This is exactly what Dean Terry is doing. Along with his colleagues and students at the Emerging Media and Communication program at the University of Texas at Dallas, Dean has been renaming spaces and making his own places. Even better, Dean and his group at the MobileLab at UT Dallas are not only testing the limits of existing geolocation apps, they’re building one of their own.

I’m not designing my own app, but I am playing with the commercial apps. And again, by playing, I mean moving freely within a larger, more constrained structure. For instance, within my dully named campus office building, Robinson A, I’ve created my own space, The Office of Incandescent Light and Industrial Runoff. Which is pretty much how I think of my office. And I’m mayor there, thank you very much.

Likewise, when I’m home, I often check into the Treehouse of Sighs. I have an actual treehouse there, but the Treehouse of Sighs is not that one. The Treehouse of Sighs exists only in my mind. It’s a metaphysical Hotel California. You can check in any time you like, but you can never be there.

Just as evocative as creating your own space is tagging existing spaces with virtual graffiti, which you can use to create a counter-factual history of a place. Anyone who checks into the Starbucks on my campus can see my advice regarding the fireplace there. Also on GMU’s campus, I’ve uncovered Fenwick Library’s dirty little secret. And sometimes I leave surrealist tips in public places, like this epigram in yet another airport terminal:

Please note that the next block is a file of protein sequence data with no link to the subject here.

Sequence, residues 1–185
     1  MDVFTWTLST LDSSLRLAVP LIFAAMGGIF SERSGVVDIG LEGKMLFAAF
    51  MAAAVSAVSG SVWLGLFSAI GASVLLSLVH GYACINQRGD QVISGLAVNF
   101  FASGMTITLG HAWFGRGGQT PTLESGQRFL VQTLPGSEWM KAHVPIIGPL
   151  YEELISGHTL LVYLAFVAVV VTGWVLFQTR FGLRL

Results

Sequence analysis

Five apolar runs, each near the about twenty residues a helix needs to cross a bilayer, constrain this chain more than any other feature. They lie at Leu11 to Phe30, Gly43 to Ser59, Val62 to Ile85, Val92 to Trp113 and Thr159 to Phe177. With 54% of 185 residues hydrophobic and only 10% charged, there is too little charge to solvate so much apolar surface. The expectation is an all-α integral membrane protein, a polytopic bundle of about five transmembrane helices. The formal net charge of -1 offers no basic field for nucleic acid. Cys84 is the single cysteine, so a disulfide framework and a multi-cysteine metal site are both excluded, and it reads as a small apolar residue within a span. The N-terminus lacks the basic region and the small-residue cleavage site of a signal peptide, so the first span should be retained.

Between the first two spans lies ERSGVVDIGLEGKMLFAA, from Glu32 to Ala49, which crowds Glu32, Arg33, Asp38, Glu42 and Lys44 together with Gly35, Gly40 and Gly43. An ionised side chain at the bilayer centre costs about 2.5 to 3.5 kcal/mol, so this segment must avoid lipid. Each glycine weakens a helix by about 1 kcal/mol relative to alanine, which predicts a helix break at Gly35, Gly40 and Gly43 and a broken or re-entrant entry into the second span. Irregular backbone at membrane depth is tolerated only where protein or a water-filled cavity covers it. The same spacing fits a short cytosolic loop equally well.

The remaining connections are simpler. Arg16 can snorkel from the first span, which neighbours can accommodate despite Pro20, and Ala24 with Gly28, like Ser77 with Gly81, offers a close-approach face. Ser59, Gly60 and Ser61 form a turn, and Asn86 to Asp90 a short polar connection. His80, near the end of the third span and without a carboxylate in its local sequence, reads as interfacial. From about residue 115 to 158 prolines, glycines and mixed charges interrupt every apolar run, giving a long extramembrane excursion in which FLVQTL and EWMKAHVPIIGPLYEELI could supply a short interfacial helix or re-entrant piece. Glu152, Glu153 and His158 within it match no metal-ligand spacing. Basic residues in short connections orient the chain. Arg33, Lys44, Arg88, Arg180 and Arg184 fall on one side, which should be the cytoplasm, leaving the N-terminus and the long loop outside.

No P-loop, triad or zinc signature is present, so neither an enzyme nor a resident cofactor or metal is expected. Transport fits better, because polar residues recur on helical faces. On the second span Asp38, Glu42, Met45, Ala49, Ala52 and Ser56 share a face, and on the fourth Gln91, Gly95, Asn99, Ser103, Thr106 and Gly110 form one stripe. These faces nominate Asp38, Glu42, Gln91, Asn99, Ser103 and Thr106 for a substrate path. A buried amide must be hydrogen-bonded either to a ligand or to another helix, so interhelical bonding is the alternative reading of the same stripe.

All of this play has led me to think about using geolocative media with my students. Next spring I’m teaching an undergraduate class called “Textual Media,” a vague title that I’ve taken to describing as post-print fiction. My initial idea for using Foursquare was to have students add new venues to the app’s database, with the stipulation that these new venues be Foucauldian “Other Spaces”—parking decks, overpasses, bus depots, etc.—that stand in sharp contrast to the officially sanctioned places on Foursquare (coffee shops, restaurants, bars, etc.). One of the points I’d like to make is that much of our lives are actually spent in these nether-places that are neither here nor there. Tracking our movements in these unglamorous but not unimportant unplaces could be a revelation to my students. It might actually be one of the best uses of geolocation—to defamiliarize our daily surroundings.

I recently participated in a geolocation session at THATCamp that helped me refine some of these ideas. We had about fifteen historians, librarians, archivists, literary scholars, and other humanists at the session. We broke off into groups, with the mission of hacking existing geolocation apps for teaching or learning. I worked with Christa Willaford and Christina Jenkins, and as befits brainstorming about space, we left the windowless room, left the building entirely, and stood out near a small field (that’s not even on the outdated satellite image of the place) and came up with the idea we called Haunts.

Haunts is about the secret stories of spaces.

Haunts is about locative trauma.

Haunts is about the production of what Foucault calls “heterotopias”—a single real place in which incompatible counter-sites are layered upon or juxtaposed against one another.